WASHINGTON, July 3, 2014 —
A permanent-change-of-station move prompts its own challenges, but family members with special-needs children face another complexity when looking for the right schools at their new home, a Defense Department official said here yesterday.
Ed Tyner, acting deputy director of DOD’s special needs program, told DoD News that service members and their families can find a comprehensive tool in the newly updated Education Directory for Children with Special Needs, which addresses opportunities in all 50 states and the District of Columbia.
Available on the Military OneSource website, the directory gives parents guidance to make informed decisions on new school districts, programs and services for special-needs children.
“DoD is supportive of all families with special needs,” Tyner emphasized.
The directory has been available for about four years. It initially covered 15 states with the largest military populations and certain special needs, such as autism, intellectual deficits and behavioral concerns, Tyner said.
In addition to those needs, the new directory includes “the whole gamut,” from speech and language to learning disabilities to physical impairments, he said.
The new directory, Tyner said, is “much more comprehensive.”
Tyner noted that the directory is an education resource that’s also useful to families without special-needs children.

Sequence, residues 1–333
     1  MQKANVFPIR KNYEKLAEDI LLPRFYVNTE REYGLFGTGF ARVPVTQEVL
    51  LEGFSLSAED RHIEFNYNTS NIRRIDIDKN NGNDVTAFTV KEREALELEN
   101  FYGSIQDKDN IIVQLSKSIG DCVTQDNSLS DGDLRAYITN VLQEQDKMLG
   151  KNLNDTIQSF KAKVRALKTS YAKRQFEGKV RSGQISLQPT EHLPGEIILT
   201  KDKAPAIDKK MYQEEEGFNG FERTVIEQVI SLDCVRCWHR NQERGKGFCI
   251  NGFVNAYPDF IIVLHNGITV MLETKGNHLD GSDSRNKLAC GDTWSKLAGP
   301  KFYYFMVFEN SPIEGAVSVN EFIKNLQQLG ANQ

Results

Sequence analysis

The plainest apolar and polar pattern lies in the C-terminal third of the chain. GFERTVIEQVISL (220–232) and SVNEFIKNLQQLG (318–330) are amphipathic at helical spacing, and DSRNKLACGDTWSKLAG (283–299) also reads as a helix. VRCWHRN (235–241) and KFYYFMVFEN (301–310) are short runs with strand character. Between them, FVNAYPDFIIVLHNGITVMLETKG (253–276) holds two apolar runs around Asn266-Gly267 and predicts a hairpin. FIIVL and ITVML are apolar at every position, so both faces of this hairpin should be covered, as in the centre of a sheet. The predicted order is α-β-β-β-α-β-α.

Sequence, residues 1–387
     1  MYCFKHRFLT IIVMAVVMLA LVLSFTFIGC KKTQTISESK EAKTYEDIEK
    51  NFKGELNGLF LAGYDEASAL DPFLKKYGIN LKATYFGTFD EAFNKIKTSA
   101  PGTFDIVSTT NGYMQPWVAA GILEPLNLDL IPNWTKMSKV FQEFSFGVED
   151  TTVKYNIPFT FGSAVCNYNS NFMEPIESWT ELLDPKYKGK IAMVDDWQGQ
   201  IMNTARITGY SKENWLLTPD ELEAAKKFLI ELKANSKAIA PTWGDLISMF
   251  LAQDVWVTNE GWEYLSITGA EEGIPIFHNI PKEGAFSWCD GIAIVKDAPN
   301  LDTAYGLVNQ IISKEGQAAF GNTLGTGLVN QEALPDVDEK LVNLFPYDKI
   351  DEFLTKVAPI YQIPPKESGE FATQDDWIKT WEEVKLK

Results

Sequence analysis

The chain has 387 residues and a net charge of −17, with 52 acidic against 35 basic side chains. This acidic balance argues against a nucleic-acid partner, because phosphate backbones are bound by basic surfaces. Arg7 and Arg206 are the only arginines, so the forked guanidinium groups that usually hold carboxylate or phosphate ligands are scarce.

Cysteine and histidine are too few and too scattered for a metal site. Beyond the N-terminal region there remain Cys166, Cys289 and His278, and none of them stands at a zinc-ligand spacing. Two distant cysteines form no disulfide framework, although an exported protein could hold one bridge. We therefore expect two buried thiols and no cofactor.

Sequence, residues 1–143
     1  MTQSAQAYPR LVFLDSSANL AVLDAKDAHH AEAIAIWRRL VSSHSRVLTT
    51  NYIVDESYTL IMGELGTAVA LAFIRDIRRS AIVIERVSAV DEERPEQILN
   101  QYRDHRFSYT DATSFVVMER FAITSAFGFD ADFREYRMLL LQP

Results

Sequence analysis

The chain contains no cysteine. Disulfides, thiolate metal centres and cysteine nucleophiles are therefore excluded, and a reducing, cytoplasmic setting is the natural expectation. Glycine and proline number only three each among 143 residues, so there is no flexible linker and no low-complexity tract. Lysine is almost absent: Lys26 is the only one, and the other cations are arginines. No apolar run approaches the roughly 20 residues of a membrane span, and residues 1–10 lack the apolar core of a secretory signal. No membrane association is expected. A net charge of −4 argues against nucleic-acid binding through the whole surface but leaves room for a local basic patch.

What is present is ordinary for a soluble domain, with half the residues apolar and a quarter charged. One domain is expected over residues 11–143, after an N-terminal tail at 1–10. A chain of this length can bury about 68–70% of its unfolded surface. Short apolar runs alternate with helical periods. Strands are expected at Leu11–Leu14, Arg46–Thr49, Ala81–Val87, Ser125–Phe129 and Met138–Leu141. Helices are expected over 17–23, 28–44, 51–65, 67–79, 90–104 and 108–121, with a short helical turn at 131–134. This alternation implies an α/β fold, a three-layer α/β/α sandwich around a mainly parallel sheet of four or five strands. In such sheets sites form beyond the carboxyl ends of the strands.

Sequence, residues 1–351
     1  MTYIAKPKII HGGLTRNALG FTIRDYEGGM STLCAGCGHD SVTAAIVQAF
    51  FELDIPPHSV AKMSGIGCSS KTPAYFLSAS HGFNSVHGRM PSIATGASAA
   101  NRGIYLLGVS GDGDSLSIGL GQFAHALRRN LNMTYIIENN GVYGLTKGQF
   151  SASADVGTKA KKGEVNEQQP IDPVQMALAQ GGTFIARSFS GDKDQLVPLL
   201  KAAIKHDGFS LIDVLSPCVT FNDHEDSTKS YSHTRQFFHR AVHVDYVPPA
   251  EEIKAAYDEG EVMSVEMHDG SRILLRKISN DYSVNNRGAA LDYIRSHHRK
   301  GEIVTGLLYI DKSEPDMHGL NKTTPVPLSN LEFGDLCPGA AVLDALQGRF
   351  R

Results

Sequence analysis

Navigational tools provide family members with tips on transitioning between schools by providing questions to ask and offering forms to download.
“It’s organized in a way that makes it very [user-friendly]. The feedback we’ve gotten from families has been great,” Tyner said.
The directory comprises two components: one on early intervention for children up to age 2, and another for school-aged children and young adults up to age 22, and both provide a substantive guide of tools and resources to make education transitions easier during a PCS move.
While the directory on Military OneSource neither compares nor rates schools, it will walk family members through school districts near the new installation and lists what schools offer for special-needs education opportunities and services, as well as enrollment numbers, Tyner explained.
“Contacts are listed so family members know who to call for more information,” he said.
Other tools in the directory include a checklist to give family members questions to ask at the new school and tips for organizing school records and other advice to help in the transition.
A common theme is that families look for special-needs education opportunities that are comparable to the school resources from which they’re moving, Tyner said. Laws ensure that special-needs education must provide comparable services, he added.
“Parents need to be sure the individualized needs, goals and objectives for their child are being met,” he said, even though the new school might be organized differently.
“The directory has been designed to help parents make better decisions, and it gives them information and tools as they work with their family members’ special needs,” Tyner said. “It shows the commitment by DoD to really put resources where they need to be for these families.”
(Follow Terri Moon Cronk on Twitter: @MoonCronkDoD)